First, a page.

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EASTBIO Genomic epidemiology of bovine mastitis pathogens

  • Full or part time

    Prof R Fitzgerald
  • Application Deadline
    Sunday, January 05, 2020
  • Competition Funded PhD Project (European/UK Students Only)
    Competition Funded PhD Project (European/UK Students Only)

Project Description

Royal (Dick) School of Veterinary Studies / The Roslin Institute

Mastitis, inflammation of the mammary gland, is one of the most common and economically important diseases in dairy cattle. Bovine mastitis causes reductions in milk yield and quality and in severe cases the affected animal is culled. As a result, the annual cost of bovine mastitis to the UK dairy industry is estimated to be c. £200m with the worldwide cost projected to be $200bn. Furthermore, bovine mastitis is responsible for the use of large amounts of antimicrobial drugs with concomitant worries over the development and spread of antimicrobial resistance and the impact that this may have on both animal and human medicine. A variety of bacterial species are responsible for bovine mastitis with Escherichia coli, Streptococcus uberis, Staphylococcus aureus and other staphylococci typically being the most prevalent (Bradley et al. 2007).

This project will use whole-genome sequencing to investigate the biology of significant bovine mastitis pathogens. A variety of questions will be addressed that will provide valuable new insights into the epidemiology and transmission of these pathogens from the level of individual animals to within herds and through to the relationships between isolates internationally. The project will also provide a genomics-based approach to investigating zoonosis, antimicrobial resistance, host-adaption, virulence factors, diagnostics/prognostic markers and potential vaccine antigens in key mastitis pathogens. Together these data have the potential to underpin the development of improved interventions to tackle bovine mastitis. For recent publications on bacterial genomics work by project supervisors see MacFadyen et al. 2018 and Richardson et al. 2018. The project benefits from the collaboration of supervisors on the Easter Bush campus involved in basic research biology, with expertise in antimicrobial resistance, bacterial epidemiology and genomics with that of real world clinical and dairy herd health expertise.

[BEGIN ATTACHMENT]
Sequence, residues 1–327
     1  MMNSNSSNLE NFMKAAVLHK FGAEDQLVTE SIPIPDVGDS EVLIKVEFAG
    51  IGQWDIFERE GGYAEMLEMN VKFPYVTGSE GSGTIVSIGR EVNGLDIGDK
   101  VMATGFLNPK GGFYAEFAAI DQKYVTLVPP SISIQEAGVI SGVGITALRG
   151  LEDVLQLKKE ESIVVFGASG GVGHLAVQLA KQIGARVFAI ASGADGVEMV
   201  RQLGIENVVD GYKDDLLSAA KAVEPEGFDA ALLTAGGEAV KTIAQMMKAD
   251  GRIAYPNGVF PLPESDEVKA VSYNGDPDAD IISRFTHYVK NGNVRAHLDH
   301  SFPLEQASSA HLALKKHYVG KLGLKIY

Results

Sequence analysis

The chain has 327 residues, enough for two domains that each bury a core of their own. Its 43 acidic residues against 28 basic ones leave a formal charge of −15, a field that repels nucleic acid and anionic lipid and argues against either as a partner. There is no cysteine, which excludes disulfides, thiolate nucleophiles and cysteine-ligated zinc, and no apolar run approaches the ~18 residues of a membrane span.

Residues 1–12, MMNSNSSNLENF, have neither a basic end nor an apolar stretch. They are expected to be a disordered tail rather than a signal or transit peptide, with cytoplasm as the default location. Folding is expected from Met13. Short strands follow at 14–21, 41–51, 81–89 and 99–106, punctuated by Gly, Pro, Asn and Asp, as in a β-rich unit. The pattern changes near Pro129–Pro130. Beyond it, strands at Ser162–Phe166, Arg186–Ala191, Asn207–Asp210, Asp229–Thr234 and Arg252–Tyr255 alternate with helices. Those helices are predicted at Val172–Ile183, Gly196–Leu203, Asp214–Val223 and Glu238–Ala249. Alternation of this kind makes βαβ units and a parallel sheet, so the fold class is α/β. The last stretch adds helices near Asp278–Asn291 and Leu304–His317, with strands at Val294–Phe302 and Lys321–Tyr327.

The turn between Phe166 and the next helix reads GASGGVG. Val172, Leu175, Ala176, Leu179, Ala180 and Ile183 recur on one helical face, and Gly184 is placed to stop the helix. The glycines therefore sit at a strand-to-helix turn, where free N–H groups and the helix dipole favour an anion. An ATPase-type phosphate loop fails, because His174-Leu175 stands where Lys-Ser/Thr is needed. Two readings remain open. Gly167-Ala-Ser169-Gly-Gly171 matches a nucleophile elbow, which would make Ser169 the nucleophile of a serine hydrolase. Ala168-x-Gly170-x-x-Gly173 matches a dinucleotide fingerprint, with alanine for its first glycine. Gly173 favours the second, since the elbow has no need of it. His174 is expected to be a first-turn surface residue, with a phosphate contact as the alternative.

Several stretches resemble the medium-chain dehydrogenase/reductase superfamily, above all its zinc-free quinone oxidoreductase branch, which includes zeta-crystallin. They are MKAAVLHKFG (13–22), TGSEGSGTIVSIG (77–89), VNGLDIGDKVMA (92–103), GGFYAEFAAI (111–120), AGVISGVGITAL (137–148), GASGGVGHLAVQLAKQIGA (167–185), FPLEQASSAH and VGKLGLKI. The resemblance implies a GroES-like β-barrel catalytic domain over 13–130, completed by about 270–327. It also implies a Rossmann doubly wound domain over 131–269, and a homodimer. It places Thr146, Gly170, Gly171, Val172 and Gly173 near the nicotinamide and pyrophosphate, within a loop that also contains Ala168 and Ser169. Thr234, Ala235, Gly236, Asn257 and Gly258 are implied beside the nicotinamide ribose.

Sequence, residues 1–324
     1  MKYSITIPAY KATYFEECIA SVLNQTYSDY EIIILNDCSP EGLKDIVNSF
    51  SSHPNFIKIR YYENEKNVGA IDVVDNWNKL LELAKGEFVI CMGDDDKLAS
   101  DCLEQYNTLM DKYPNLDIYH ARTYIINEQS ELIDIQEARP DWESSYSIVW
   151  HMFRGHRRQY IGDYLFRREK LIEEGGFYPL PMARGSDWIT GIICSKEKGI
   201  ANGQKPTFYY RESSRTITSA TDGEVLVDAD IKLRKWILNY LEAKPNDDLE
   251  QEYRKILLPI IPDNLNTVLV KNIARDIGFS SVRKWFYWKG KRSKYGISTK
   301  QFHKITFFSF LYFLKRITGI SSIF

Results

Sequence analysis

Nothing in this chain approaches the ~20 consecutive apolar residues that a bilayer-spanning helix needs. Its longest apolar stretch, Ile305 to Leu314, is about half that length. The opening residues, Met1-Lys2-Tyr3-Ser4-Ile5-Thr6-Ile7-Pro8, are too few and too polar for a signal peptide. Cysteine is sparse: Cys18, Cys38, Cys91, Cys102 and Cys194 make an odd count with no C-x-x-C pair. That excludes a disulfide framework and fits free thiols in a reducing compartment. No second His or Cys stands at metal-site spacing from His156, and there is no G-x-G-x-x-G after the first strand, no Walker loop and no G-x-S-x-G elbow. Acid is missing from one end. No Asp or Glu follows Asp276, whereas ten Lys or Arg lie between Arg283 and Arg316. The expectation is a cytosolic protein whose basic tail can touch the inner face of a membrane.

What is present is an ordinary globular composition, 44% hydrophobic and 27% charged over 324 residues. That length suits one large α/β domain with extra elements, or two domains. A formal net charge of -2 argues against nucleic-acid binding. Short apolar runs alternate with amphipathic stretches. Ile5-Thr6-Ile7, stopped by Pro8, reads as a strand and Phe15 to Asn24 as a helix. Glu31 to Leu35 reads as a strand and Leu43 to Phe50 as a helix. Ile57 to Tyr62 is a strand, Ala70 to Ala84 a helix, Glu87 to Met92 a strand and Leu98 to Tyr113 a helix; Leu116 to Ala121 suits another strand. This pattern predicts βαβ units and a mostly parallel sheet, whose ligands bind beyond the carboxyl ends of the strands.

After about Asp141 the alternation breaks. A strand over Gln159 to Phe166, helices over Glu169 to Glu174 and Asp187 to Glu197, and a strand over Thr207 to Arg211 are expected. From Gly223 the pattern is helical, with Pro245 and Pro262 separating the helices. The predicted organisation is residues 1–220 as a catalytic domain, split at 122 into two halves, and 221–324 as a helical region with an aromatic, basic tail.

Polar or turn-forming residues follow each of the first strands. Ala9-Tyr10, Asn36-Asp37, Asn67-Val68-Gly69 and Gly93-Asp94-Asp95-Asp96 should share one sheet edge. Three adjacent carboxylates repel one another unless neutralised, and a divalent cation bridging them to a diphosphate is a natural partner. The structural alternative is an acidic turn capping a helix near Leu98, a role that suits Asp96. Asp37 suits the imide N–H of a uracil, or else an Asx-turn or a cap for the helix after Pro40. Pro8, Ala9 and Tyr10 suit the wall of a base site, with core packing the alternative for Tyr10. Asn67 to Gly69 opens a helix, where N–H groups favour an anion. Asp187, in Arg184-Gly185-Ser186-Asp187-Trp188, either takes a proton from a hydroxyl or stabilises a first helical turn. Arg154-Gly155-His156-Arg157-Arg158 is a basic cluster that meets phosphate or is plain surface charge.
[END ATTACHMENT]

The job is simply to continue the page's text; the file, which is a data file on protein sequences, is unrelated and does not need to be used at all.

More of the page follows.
The project offers training and experience in basic laboratory microbiology, ie. the isolation, identification and antimicrobial sensitivity testing of bovine mastitis pathogens. A major component will be the bioinformatics analysis of sequenced bacterial genomes, potentially involving species identification, phylogenetic analysis, comparative genomics, genome-wide association studies, the identification of antimicrobial resistance genes, virulence determinates and mobile genetic elements.

There is a vibrant postgraduate community on the campus providing a variety of scholarly and social opportunities and the university offers a wide range of training in transferrable skills relevant to postgraduate study and future careers.

All candidates should have or expect to have a minimum of an appropriate upper 2nd class degree. To qualify for full funding students must be UK or EU citizens who have been resident in the UK for 3 years prior to commencement.

Funding Notes

Completed application form along with your supporting documents should be sent to our PGR student team at

Please send the reference request form to two referees. Completed forms for University of Edinburgh, Royal (Dick) School of Veterinary Studies and the Roslin Institute project should be returned to by the closing date: 5th January 2020.

It is your responsibility to ensure that references are provided by the specified deadline.
Download application and reference forms via:
View Website


Bradley AJ et al. 2007. Survey of the incidence and aetiology of mastitis on dairy farms in England and Wales. Vet Rec. Feb 24;160(8):253-7.
MacFadyen AC et al. 2018. Genome analysis of methicillin resistance in Macrococcus caseolyticus from dairy cattle in England and Wales. Microb Genom. Aug;4(8).
Richardson EJ et al. 2018. Gene exchange drives the ecological success of a multi-host bacterial pathogen. Nat Ecol Evol. Sep;2(9):1468-1478.

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